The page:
- Warm Compress: Applying a warm, damp cloth to your dog’s nose might help alleviate the irritation and stop the episode.
- Encourage Relaxation: Help your dog relax by speaking in a soothing tone, holding them gently, and offering treats or a toy to distract them.
Can You Prevent it in the Future?
Since we know some of the triggers, it can be helpful to take steps to reduce the occurrences (or eliminate them completely).
1. Clear the Air
Irritants in the air can be a major trigger, so clear it out! This could mean getting an air filter to filter dust and other irritating particles out of your home. And change those furnace air filters regularly.
Additionally, consider switching out any chemical cleaners to more natural options. You can also reduce or eliminate the use of chemical-based air fresheners, scented candles, or room/fabric deodorizers.
2. Address Allergies
If you know that your pet has allergies or sensitive to certain things, and these these often trigger a reverse sneezing episode, cut them out. Providing a balanced diet rich in whole foods can boost your dog’s immune system and potentially reduce allergy-related episodes.
Also, natural supplements, like probiotics or omega-3 fatty acids, can help boost your dog’s overall health and immune system. A strong immune system can help support the body, and while it can’t eliminate triggers, it can help to reduce allergen responses and build a strong body as a whole.
3. Reduce Stress
Stress can be a hindrance to our animals’ health in many ways, and it’s no different with reverse sneezing. If you notice that increased stress or anxiety tends to lead to an episode, work on reducing the stressors in your pet’s environment. A relaxed dog is less likely to experience reverse sneezing.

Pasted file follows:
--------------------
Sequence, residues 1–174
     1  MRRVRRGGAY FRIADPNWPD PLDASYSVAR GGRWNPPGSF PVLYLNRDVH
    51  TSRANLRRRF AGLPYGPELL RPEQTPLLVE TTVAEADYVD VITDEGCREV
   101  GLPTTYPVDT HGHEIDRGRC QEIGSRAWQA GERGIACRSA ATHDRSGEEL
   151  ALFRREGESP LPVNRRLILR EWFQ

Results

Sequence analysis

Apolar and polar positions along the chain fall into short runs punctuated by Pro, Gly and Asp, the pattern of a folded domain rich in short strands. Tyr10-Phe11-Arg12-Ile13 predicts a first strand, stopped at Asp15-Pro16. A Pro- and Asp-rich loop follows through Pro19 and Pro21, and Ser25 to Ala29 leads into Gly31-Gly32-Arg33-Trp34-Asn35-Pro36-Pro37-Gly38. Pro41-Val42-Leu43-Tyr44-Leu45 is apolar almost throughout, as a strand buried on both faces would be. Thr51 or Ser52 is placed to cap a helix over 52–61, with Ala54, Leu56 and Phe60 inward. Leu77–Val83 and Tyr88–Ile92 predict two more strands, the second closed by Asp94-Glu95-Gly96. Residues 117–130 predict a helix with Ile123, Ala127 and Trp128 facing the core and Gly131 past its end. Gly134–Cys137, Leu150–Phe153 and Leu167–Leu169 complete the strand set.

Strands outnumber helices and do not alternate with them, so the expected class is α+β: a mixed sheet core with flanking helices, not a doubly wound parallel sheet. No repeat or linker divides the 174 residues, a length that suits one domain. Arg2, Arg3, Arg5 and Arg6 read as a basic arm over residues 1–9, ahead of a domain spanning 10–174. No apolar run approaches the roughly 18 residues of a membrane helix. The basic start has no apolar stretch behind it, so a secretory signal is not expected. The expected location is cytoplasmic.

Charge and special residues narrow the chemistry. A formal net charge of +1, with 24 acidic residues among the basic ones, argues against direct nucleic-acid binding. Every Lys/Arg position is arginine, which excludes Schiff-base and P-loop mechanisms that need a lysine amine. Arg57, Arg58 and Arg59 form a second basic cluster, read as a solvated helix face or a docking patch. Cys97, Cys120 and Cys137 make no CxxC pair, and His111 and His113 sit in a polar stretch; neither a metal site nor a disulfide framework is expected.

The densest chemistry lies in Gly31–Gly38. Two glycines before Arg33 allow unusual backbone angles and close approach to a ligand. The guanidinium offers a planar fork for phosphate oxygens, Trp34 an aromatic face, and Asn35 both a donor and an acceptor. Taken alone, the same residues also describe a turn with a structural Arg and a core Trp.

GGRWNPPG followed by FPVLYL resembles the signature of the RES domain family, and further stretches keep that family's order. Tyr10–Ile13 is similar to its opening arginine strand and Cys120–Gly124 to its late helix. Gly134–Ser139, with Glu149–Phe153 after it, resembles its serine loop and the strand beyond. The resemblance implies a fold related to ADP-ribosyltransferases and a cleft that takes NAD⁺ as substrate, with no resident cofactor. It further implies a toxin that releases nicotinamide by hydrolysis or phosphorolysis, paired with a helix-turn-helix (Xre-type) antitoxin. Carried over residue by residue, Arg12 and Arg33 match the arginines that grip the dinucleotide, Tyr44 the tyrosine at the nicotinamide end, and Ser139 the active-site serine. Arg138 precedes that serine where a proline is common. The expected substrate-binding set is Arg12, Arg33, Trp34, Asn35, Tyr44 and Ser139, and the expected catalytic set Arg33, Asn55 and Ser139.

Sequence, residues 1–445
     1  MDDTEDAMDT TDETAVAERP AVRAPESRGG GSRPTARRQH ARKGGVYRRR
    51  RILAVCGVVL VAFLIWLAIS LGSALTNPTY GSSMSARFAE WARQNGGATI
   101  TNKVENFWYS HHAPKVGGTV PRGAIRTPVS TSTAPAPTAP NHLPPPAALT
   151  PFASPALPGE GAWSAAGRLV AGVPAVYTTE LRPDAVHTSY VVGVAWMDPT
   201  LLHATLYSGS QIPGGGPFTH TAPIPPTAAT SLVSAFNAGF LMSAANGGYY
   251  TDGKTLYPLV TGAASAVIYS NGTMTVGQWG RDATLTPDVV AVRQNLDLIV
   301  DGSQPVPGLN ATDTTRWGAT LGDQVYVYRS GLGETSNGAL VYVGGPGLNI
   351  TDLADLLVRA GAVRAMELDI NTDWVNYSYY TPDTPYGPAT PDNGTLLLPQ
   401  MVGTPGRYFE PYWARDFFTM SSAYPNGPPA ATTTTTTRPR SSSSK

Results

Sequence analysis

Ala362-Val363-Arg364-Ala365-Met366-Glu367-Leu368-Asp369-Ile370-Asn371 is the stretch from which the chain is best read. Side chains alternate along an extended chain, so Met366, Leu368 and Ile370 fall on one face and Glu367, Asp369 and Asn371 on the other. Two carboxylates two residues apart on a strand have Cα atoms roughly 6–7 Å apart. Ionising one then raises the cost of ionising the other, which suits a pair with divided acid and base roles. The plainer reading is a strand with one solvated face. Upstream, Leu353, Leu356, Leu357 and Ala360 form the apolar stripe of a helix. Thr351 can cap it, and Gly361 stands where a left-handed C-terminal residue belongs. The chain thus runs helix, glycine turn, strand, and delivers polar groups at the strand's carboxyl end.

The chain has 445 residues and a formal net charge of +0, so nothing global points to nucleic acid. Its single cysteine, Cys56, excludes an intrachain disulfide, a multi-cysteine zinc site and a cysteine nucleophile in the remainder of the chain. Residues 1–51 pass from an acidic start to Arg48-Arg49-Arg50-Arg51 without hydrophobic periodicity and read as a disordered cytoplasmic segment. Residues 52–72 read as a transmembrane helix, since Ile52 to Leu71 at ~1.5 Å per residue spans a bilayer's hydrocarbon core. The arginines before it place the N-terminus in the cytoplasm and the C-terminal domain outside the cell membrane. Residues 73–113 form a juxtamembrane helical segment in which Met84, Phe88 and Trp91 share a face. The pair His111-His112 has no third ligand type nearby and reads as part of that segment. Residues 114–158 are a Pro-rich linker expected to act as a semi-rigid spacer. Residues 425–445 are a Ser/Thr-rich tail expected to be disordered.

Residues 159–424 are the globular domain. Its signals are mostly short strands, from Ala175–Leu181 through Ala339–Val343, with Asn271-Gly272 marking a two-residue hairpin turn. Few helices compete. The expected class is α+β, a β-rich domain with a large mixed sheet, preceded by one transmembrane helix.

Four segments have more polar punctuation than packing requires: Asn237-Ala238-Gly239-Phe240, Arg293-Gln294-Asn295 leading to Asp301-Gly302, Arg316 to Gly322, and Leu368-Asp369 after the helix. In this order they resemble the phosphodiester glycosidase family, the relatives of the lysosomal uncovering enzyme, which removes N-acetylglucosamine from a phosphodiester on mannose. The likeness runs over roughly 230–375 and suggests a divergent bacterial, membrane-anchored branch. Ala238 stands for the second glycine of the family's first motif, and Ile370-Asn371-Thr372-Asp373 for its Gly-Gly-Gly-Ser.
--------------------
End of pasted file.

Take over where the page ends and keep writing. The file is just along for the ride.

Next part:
Implement calming techniques, such as massage or aromatherapy, to help reduce your dog’s stress and anxiety levels. Reduce your own stress as well – our dogs can feel when our levels are high. We have a lot of difference resources that you can check out at this post.
When to Seek Veterinary Help
As we mentioned, reverse sneezing in dogs is often benign and therefore nothing to get overly concerned about.
However, there are situations when it might be a good idea to speak with your trusted veterinarian:
- Frequent Episodes: If your dog is experiencing frequent and prolonged episodes of reverse sneezing, it does’t hurt to discuss this with your vet to ensure nothing else is going on, particularly in the respiratory system.
- Change in Symptoms: If the reverse sneezing changes, for instance, becoming more intense or accompanied by other symptoms like nasal discharge, coughing, or difficulty breathing, consult your vet.
- Lingering Concerns: If you’re ever in doubt or just want peace of mind, don’t hesitate to contact your veterinarian. Remember, you know your pet best!
Reverse sneezing in dogs, especially if it’s new to you and your beloved beast, may be alarming, but rest assured, in most cases, it’s nothing to lose sleep over. Keep your pup healthy and happy through a holistic approach to their diet, environment, and overall well-being. And when those quirky reverse sneezing moments occur, put a blanket of peace and calm over them with your loving touch and soothing words.